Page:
A small randomized controlled trial of patients in the US suggests migraine sufferers might find relief in a type of meditation designed to reduce stress.

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Though larger studies need to be conducted, this latest study suggests MBSR meditation could help migraine sufferers.

Researchers from Wake Forest Baptist Medical Center, Winston-Salem, NC, and Harvard Medical School in Boston, MA, report their findings in the journal Headache.

Lead author Rebecca Erwin Wells, assistant professor of neurology at Wake Forest Baptist, explains why they carried out the pilot study:

“Stress is a well-known trigger for headaches and research supports the general benefits of mind/body interventions for migraines, but there hasn’t been much research to evaluate specific standardized meditation interventions.”

The main purpose of the study, which involved 19 adult participants, was to evaluate the safety, feasibility and effects of mindfulness-based stress reduction (MBSR) for migraine sufferers.

Migraines are recurring moderate to severe headaches felt as a throbbing or pulsing, often on one side of the head. During migraines, people are very sensitive to light and sound and may also become nauseated and vomit.

According to the US National Institute of Neurological Disorders and Stroke, migraine is three times more common in women than in men and affects more than 10% of people worldwide.

There is evidence that MBSR can help alleviate chronic pain but not much evidence on its effect on migraines.

MBSR is a standardized 8-week program that teaches people to become more mindful through learning mindfulness meditation, body awareness and yoga. It was developed by Jon Kabat-Zinn, a professor at the University of Massachusetts Medical School, as a way to help people cope with stress, anxiety, pain and illness.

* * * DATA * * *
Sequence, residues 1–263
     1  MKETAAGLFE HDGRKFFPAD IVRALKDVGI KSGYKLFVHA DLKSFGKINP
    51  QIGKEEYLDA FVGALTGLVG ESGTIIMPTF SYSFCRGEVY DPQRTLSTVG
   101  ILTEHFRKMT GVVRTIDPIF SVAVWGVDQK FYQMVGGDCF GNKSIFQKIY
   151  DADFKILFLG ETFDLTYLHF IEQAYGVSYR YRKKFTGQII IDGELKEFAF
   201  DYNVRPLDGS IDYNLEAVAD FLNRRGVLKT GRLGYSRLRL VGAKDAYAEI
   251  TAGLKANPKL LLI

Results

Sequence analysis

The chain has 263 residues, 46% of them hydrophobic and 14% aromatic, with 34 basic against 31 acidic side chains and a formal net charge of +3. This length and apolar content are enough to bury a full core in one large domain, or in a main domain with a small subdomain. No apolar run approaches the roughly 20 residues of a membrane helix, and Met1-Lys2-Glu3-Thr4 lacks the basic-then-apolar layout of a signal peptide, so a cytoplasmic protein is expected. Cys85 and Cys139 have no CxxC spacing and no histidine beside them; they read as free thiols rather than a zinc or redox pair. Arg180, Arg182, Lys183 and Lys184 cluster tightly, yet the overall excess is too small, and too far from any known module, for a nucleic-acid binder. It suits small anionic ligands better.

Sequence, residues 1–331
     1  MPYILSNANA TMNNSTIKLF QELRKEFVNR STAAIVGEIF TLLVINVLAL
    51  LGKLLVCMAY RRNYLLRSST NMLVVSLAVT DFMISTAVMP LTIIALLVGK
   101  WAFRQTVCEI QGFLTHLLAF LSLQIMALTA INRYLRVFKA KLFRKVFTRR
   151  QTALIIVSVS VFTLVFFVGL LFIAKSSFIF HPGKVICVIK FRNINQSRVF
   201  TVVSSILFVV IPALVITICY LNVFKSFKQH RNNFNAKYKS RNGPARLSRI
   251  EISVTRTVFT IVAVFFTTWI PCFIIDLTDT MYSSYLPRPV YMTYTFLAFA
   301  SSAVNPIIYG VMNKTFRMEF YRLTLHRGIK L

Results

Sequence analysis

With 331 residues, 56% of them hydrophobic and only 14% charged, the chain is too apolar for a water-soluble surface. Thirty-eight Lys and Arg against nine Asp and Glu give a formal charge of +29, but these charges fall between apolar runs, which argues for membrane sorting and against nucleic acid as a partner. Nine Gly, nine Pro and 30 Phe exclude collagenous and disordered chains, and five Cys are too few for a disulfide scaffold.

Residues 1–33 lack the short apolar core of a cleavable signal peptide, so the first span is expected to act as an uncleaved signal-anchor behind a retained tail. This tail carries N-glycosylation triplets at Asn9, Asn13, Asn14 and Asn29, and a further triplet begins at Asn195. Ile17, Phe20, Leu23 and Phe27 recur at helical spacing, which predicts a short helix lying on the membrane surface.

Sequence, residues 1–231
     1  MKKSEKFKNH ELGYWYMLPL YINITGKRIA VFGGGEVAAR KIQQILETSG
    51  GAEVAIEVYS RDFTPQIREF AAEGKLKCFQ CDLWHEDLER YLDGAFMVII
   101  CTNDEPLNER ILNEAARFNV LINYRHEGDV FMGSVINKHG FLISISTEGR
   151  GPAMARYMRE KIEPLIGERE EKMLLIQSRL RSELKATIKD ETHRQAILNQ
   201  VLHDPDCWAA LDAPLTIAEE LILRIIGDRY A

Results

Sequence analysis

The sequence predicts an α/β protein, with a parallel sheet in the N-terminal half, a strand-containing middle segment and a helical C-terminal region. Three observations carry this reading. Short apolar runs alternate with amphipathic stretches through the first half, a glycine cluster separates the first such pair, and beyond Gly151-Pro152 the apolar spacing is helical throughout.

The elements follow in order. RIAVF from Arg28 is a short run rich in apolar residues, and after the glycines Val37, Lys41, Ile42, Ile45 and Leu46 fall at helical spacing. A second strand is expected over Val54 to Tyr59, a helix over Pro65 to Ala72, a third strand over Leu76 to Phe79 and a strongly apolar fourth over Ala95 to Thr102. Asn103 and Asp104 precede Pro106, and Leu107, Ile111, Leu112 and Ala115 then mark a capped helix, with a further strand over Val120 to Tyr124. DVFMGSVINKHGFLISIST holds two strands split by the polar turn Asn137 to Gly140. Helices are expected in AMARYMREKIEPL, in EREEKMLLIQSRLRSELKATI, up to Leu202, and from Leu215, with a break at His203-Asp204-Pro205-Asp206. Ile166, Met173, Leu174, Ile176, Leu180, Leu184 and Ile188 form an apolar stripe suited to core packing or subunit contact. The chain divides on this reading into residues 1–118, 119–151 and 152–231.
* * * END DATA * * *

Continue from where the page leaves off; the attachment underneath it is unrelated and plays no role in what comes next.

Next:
For their study, Prof. Wells and colleagues randomized the 19 adult participants to one of two groups. One group received standard medical care, and the other group took part in an 8-week MBSR program during which they attended one instruction class a week and practiced MBSR at home for 45 minutes on at least another 5 days a week.

Before and after the trial period, the participants completed evaluations of disability, self-efficacy and mindfulness. During the trial, they logged their headaches, noting their frequency, severity and duration.

The researchers found that the patients who completed the MBSR program tended to have 1.4 fewer headaches per month that were less severe.

However, because of the small size of the pilot, this was not statistically significant, meaning the number is not big enough to be sure it was the program and not just chance that created the reduction.

“Secondary effects included headaches that were shorter in duration and less disabling, and participants had increases in mindfulness and self-efficacy — a sense of personal control over their migraines,” Prof. Wells explains. “In addition, there were no adverse events and excellent adherence.”

The team concludes that their pilot study shows MBSR is a safe and feasible therapy for adults with migraines.

They now call for larger studies with more participants to evaluate the effect of MBSR on migraine headaches.

Prof. Wells says:

For the approximate 36 million Americans who suffer from migraines, there is a big need for non-pharmaceutical treatment strategies, and doctors and patients should know that MBSR is a safe intervention that could potentially decrease the impact of migraines.”

Funds from the American Headache Society Fellowship and the Headache Research Fund of the John Graham Headache Center, Brigham and Women’s Faulkner Hospital helped finance the study.

In March 2014, the US Food and Drug Administration announced its first approval of a device for preventing migraine headaches. The device, a headband that delivers a nerve-stimulating low electrical current through the skin, may bring relief to patients who cannot tolerate current migraine drugs.